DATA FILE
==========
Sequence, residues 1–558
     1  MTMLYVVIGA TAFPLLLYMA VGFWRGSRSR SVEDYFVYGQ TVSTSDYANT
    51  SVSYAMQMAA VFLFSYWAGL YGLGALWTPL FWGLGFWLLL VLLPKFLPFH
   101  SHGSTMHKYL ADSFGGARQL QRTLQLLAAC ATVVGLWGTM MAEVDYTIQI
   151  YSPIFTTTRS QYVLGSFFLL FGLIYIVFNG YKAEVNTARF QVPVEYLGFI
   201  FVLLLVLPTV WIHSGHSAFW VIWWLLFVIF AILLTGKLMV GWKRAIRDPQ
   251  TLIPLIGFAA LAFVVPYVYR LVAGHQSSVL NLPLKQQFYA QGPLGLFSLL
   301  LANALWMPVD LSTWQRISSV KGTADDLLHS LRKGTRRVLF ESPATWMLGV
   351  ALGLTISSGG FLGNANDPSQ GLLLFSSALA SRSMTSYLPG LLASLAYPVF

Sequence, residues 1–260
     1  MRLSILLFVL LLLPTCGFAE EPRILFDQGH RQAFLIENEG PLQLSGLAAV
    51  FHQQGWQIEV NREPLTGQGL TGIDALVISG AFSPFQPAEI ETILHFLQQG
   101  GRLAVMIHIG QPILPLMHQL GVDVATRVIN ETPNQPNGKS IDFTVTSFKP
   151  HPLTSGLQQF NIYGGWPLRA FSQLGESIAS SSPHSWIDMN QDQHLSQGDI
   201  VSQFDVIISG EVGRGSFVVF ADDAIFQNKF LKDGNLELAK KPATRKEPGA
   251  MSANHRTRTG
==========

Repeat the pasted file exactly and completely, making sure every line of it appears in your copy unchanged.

Sequence, residues 1–558
     1  MTMLYVVIGA TAFPLLLYMA VGFWRGSRSR SVEDYFVYGQ TVSTSDYANT
    51  SVSYAMQMAA VFLFSYWAGL YGLGALWTPL FWGLGFWLLL VLLPKFLPFH
   101  SHGSTMHKYL ADSFGGARQL QRTLQLLAAC ATVVGLWGTM MAEVDYTIQI
   151  YSPIFTTTRS QYVLGSFFLL FGLIYIVFNG YKAEVNTARF QVPVEYLGFI
   201  FVLLLVLPTV WIHSGHSAFW VIWWLLFVIF AILLTGKLMV GWKRAIRDPQ
   251  TLIPLIGFAA LAFVVPYVYR LVAGHQSSVL NLPLKQQFYA QGPLGLFSLL
   301  LANALWMPVD LSTWQRISSV KGTADDLLHS LRKGTRRVLF ESPATWMLGV
   351  ALGLTISSGG FLGNANDPSQ GLLLFSSALA SRSMTSYLPG LLASLAYPVF

Sequence, residues 1–260
     1  MRLSILLFVL LLLPTCGFAE EPRILFDQGH RQAFLIENEG PLQLSGLAAV
    51  FHQQGWQIEV NREPLTGQGL TGIDALVISG AFSPFQPAEI ETILHFLQQG
   101  GRLAVMIHIG QPILPLMHQL GVDVATRVIN ETPNQPNGKS IDFTVTSFKP
   151  HPLTSGLQQF NIYGGWPLRA FSQLGESIAS SSPHSWIDMN QDQHLSQGDI
   201  VSQFDVIISG EVGRGSFVVF ADDAIFQNKF LKDGNLELAK KPATRKEPGA
   251  MSANHRTRTG